How Much Salt Is Used to Treat Roads in the US?

Over 40 million tons of salt is used in the US each year in a variety of applications. Roughly 30% of that salt, or around 12 million tons, is used in the process of de-icing roads.

Salt can assist snow-fighters in clearing roads, as it lowers the temperature at which water can freeze. Using salt on roads was a method first adopted state-wide by New Hampshire in the early 1940s and rapidly spread throughout the United States over the 50s and 60s.

While using salt is currently the cheapest method of de-icing highways and is considered very effective at reducing accident rates, it does have drawbacks. Primarily, the introduction of so much salt into waterways each year can disrupt ecosystems and lead to contamination of drinking water supplies.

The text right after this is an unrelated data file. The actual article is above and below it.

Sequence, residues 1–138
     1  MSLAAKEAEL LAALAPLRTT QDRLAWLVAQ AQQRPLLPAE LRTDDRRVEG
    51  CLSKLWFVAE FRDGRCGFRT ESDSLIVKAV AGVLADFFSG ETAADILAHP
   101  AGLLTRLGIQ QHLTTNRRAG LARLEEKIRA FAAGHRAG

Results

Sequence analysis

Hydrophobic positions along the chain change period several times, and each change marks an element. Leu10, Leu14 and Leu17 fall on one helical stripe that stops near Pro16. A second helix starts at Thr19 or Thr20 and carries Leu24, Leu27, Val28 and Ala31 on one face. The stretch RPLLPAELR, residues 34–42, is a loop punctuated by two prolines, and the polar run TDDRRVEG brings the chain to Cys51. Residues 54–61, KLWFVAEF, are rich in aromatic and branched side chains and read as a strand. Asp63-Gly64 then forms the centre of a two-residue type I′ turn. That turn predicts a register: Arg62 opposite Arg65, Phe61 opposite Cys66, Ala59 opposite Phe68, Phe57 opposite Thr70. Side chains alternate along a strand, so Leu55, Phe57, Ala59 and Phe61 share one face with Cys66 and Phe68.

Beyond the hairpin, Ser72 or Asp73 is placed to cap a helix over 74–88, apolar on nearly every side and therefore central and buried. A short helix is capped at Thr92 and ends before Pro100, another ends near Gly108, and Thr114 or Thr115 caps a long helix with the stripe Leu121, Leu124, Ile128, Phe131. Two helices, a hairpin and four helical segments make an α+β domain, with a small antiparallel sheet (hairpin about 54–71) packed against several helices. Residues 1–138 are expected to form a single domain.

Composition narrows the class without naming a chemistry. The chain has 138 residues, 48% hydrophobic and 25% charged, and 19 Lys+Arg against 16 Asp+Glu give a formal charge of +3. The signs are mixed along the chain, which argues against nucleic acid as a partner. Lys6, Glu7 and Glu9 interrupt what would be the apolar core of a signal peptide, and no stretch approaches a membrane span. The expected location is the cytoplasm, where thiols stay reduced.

More about salt:

  • The US produces the majority of the salt it consumes, through mining, solar evaporation and vacuum evaporation.

  • The salt mine underneath Detroit was started in 1906 and is currently around 1160 feet deep, covering an area of over 1500 acres.

  • Ancient Roman legionnaires were paid in salt, and this is thought to be the origin of the word "salary".

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